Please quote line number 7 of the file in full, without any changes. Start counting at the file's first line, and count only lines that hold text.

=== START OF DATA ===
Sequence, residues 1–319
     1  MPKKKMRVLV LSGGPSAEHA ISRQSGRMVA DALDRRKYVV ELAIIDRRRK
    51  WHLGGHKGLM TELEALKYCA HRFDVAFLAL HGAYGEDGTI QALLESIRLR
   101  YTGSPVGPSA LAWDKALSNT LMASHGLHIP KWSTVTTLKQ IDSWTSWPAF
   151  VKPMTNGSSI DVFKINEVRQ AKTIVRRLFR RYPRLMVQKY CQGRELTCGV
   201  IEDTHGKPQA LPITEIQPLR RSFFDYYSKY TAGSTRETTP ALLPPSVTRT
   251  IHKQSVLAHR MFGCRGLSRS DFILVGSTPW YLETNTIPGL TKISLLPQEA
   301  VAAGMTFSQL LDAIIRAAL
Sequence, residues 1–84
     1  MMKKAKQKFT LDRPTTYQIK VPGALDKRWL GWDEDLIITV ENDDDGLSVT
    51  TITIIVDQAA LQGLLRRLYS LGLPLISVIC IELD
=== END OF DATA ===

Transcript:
   251  IHKQSVLAHR MFGCRGLSRS DFILVGSTPW YLETNTIPGL TKISLLPQEA